In Alabama two years ago, during a controversy over an election for governor conducted mostly on op-scan machines, Attorney General Bill Pryor, backing up the sheriff in one questioned county, ruled officially that under state law anyone recounting the ballots would be subject to arrest. This year President Bush, circumventing Senate hearings, elevated Pryor to the Eleventh Circuit Court of Appeals in a recess appointment.
Voting Machines Stolen in Georgia
In 2000 five out of six Georgians cast a paper ballot that could be recounted on ES&S systems. In January 2001, in a speech to the Democratic-controlled legislature, Georgia Secretary of State Cathy Cox, a Democrat who is expected to run for governor in 2006, declared that considering all the recent problems down in Florida, Georgia should adopt one “uniform electronic voting system by November 2004.” Upon Cox’s fervent recommendation of the just-born Diebold Election Systems, in May 2002 Georgia agreed to pay Diebold $54 million for 19,000 DRE voting systems. The counties and cities of Georgia had chosen their own voting machines for the last time, and, less obviously, Georgians had lost their ability to recount their votes in contested elections.
At once Diebold set to manufacturing 282 of its AccuVote TS voting systems a day. Some of the earliest ones arriving in Georgia, sent out for use in the training of election workers, were left in a hotel conference room overnight, stolen and never recovered. Late that June the secret vote-counting codes inside nine to fourteen more of the Diebold machines were stolen. Diebold made an uncounted number of apparently illegal changes in the election-conducting code between June and November. The memory cards on which the votes on each of the computers were recorded on election day all over Georgia had no encryption. According to Rob Behler, who served as Diebold’s production deployment manager in Georgia during the first half of that summer, those cards could be used to change the results manually, precinct by precinct.
Incumbent US Senator Max Cleland and incumbent Governor Roy Barnes, both Democrats, were odds-on favorites to win re-election. A week before the voting an Atlanta Journal-Constitution poll showed Cleland ahead by five points, 49-44, but on election day he lost to his Republican opponent, Saxby Chambliss, by seven points, 53-46, a twelve-point swing. The loss of Governor Barnes to Sonny Perdue was even more remarkable: a one-week switch of fourteen percentage points. These were suspicious anomalies, and subsequently in a Peach State Poll one in eight Georgia voters were “not very confident” or “not at all confident” that the DREs had produced accurate results; another 32 percent were only “somewhat confident.”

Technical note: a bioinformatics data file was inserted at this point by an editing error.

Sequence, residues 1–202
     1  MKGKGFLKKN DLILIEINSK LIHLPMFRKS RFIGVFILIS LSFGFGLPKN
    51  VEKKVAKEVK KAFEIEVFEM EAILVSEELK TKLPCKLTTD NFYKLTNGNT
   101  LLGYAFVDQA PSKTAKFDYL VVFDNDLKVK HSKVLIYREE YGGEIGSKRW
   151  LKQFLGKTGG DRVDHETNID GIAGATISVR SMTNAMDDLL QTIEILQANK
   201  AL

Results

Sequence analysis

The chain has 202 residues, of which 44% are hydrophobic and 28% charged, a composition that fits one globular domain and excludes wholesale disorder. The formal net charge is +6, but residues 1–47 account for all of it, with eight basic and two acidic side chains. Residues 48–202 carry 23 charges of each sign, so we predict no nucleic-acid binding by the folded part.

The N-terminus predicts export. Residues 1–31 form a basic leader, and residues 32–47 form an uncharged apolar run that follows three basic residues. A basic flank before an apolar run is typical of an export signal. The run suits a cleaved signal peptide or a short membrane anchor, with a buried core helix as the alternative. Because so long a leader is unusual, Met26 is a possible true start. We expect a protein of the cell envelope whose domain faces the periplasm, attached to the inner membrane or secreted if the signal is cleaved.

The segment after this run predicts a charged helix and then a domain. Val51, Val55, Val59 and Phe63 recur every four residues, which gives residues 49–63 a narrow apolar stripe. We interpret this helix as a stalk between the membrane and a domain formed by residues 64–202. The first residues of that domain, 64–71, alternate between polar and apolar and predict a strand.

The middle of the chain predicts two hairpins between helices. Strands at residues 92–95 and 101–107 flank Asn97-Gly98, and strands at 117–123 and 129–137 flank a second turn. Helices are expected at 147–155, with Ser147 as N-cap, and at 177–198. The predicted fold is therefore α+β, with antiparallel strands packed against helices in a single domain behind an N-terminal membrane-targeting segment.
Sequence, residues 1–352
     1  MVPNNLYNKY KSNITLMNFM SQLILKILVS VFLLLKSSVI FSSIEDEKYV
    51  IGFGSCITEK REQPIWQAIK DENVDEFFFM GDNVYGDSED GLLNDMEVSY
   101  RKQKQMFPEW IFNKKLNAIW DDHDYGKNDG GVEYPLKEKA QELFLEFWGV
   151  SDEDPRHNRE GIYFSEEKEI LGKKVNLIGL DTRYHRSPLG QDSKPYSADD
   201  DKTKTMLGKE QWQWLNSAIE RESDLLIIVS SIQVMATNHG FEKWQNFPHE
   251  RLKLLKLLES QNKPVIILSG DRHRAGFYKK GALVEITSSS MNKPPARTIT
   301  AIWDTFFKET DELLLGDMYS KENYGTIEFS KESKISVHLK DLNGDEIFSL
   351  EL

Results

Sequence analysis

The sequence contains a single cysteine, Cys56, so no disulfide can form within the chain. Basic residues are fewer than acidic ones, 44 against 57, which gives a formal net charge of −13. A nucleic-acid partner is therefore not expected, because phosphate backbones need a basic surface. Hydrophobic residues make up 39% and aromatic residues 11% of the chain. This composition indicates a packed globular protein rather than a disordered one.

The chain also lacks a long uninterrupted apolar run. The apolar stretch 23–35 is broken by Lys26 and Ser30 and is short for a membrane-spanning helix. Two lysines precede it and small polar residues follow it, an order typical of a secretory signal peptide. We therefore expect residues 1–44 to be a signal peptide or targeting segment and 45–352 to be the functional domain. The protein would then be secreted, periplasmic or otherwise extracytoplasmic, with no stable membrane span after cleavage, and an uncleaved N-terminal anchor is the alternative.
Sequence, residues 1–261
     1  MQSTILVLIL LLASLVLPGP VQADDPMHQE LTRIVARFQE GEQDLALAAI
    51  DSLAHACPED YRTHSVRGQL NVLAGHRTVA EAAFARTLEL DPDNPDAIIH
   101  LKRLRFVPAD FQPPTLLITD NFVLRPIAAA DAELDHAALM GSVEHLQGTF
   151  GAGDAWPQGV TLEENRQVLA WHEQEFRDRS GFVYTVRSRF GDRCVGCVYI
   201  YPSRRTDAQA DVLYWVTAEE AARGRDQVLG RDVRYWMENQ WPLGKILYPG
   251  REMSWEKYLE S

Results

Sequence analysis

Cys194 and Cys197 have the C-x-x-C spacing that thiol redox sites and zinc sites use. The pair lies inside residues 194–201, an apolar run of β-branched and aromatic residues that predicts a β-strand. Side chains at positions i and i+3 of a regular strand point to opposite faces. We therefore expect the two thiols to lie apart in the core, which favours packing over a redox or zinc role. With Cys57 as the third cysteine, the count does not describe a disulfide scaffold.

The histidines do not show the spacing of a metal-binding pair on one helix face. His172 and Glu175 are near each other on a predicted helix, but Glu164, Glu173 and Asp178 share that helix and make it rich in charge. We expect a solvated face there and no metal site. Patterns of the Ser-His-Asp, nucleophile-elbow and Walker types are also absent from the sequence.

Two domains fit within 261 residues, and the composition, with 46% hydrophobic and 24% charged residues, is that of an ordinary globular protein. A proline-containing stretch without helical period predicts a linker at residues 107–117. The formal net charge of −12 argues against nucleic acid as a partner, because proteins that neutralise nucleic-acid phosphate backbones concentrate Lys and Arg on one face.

In his front parlor at home in Georgia, Rob Behler told me that just before or just as he took over the Atlanta warehouse for Diebold, some of the voting machines had been sent out to “do demos,” and in one southern county “somebody broke in and stole…[nine or] fourteen of the machines and, I think, one of the servers.” He says the vote-counting programs in the stolen computers could have been completely reconstructed by reverse engineering and employed to jimmy the election.
“Quality-checking” the AccuVote machines as they arrived from Diebold at a warehouse in Atlanta, Behler and his crew found problems, he says, with “every single one” of them and about a fifth of them were shoved aside as unusable. When Diebold’s programmers wanted “patches,” that is, changes, inserted into the voting-system software, Behler says, they sent them to him via the company’s open, insecure File Transfer Protocol (FTP) site in cyberspace. On his own unsecured laptop (resting on his desk as he spoke), Behler made twenty-two or twenty-three of the cards that were used to change the programs in the machines.
The night of the November 2002 election, sixty-seven of the memory cards used in Fulton County (Atlanta) disappeared. Running his laptop with a dual battery, Behler says, in six or seven hours he could have changed the totals on those sixty-seven cards. “There’s no technical problem. There was absolutely zero protection on the card itself. You throw the card in, you just drill down into its files.”